Copyright 2013 Pacific Northwest Writers Association. All Rights Reserved
Accuser and Accusee
by Joan Frank
I once asked a hugely-admired, much-awarded, serious literary writer, who's been a kind and generous friend to me, how she was feeling following an extensive book tour.
"Fragile," she answered.
Her response puzzled me, and I confess thinking it, at the time, somewhat self-indulgent. After all, most writers would kill to have the "problem" of book tour fatigue. We throw our souls into getting work accepted for publication, and then (if luck's still with us) getting it recognized – every phase of which requires Herculean stores of drive, energy, and stamina. Book tours, and their fallout, should surely be the spoils of war.
But after a recent visit to a reading group – a seemingly innocent, pleasant, straightforward task, not to say privilege – I understood my friend's bewildered exhaustion.
Until now, I'd always assumed that talking to reading groups pretty much guaranteed a love-fest.
You didn't worry about it beforehand. You felt pre-vetted. A bunch of individuals had read your book and then invited you to visit to discuss it, which to my mind means they've liked it enough to want to learn more, and to talk about their responses to it.
Maybe most of the time, that's indeed what happens. An author sits down among a group of friendly faces and, prompted by their good questions, pours out her heart about the making of the story, her writing path, a few funny or sad or frustrating anecdotes connected with its publication.
This time, I visited a group of intelligent, affluent women in a beautiful, woodsy setting. They'd certainly read the book, and a few of them cornered me at once to sign their copies. But while a couple of the group's members immediately brought up how much they'd enjoyed my novel, others sat with arms folded, eyeing me narrowly – as though I were trying to sell them bogus medicine or time-shares in a non-existent condo.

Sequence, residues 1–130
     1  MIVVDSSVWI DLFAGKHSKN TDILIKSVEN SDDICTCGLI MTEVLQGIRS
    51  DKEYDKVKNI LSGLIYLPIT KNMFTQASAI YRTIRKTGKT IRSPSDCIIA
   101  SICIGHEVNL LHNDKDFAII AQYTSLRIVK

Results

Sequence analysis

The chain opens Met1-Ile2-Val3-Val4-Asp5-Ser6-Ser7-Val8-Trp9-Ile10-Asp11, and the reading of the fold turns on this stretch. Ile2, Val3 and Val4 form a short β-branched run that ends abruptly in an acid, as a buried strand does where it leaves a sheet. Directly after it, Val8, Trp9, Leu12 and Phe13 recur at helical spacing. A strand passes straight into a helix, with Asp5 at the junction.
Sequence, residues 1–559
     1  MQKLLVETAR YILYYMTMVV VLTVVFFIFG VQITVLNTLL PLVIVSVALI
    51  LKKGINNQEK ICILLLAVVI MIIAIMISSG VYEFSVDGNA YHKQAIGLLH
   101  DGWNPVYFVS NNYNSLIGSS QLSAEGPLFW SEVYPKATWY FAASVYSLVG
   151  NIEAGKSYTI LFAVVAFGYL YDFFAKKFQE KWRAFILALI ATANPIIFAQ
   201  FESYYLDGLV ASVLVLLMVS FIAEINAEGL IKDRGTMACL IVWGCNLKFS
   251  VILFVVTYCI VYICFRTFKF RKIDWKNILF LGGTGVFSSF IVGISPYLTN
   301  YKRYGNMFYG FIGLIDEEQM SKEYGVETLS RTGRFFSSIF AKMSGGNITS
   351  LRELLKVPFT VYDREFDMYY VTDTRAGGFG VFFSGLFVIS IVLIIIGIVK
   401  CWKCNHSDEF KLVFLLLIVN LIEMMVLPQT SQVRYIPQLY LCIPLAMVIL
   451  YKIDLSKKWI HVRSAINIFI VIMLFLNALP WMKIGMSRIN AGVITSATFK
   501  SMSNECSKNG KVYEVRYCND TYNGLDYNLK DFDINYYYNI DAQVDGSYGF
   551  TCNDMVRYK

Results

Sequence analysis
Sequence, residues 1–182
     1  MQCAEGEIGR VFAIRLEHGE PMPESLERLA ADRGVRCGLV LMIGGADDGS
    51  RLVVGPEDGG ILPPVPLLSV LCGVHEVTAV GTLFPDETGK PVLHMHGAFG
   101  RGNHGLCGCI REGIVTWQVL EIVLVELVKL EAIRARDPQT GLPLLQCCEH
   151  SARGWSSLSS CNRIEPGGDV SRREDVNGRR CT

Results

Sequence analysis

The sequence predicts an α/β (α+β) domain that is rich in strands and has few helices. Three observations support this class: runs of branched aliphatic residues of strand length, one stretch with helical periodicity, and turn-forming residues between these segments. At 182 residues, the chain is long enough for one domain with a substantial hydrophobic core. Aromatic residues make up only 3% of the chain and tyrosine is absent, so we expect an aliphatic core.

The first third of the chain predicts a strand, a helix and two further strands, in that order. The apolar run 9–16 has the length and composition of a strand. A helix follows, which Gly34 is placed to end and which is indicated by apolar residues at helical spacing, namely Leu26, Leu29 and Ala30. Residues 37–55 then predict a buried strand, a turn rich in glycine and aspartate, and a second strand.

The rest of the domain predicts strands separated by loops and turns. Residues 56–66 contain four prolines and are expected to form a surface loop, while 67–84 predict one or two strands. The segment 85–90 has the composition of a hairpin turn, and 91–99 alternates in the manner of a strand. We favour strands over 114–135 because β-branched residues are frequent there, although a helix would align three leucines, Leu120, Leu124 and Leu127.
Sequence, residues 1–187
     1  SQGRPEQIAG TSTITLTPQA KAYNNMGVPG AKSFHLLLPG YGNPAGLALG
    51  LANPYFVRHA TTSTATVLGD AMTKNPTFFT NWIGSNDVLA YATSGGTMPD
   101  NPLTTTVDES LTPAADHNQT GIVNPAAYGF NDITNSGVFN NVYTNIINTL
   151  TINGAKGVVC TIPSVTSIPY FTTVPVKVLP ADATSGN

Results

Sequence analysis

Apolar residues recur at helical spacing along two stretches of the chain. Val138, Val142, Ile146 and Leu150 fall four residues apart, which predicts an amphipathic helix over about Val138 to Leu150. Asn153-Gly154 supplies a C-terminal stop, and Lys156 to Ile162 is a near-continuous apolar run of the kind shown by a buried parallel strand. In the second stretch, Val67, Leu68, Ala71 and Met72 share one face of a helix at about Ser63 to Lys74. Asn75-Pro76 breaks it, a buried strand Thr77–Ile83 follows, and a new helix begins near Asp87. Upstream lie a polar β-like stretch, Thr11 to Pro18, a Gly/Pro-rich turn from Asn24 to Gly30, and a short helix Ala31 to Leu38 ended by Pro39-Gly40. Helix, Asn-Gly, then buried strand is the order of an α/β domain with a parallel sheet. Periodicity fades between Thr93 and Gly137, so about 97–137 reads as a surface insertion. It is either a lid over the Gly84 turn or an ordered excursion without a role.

One member of this group noted that she did not believe my characters' ages. Another declared that the two protagonists depicted in my novel, who are often irritated with each other and have one horrendous fight, did not really love one another.
"How did you come to write in so many sentence fragments?" asked another woman, in a tone striving for scientific curiosity, which of course only underscored her sharp dislike of sentence fragments. Carefully, I explained that I was closely tracking the interior thoughts of my characters, and that to my knowledge people didn't tend to think in meticulously structured, grammatically complete sentences – rather, their thoughts came in clumps of words with abrupt starts and stops; often certain phrases referred to personal history, and therefore functioned symbolically.
My explanation was met with polite silence.
As to the characters not loving each other? Instinct made me open my hands: "That's up to you," I said as cheerfully as I could. Those characters belong to you now, I reminded them – echoing Elizabeth Strout's response, when listeners asked her who may have been the model for Strout's fabulous protagonist, Olive Kitteridge. Because if I dared contradict their convictions about who loved who or who was behaving badly or not acting their ages, these earnest readers would simply turn on me and tell me I was dead wrong.
They laughed when I suggested that, recognizing the built-in absurdity of the predicament. But though on its surface we had all "played nicely," by the end of the night I was feeling – frankly – somewhat brutalized. I couldn't wait to drive home, get a couple of stiff drinks down, and talk it over with my husband.
He's a retired college teacher, who's spoken before roomfuls of adoring, confused, skeptical, scornful, or bored individuals for so many years I won't embarrass him by naming the number.
He reminded me that people bring unknowable baggage to their reading, and then to the event itself; that you simply can't second-guess what backstories may shape their responses – why this or that person seems to be listening to you with suspicion or even obvious distaste. For authors, no score sheet's handed back to you (thank God; I don't think I'd want to see one). No follow-up surveys appear, as if you were an online purchase.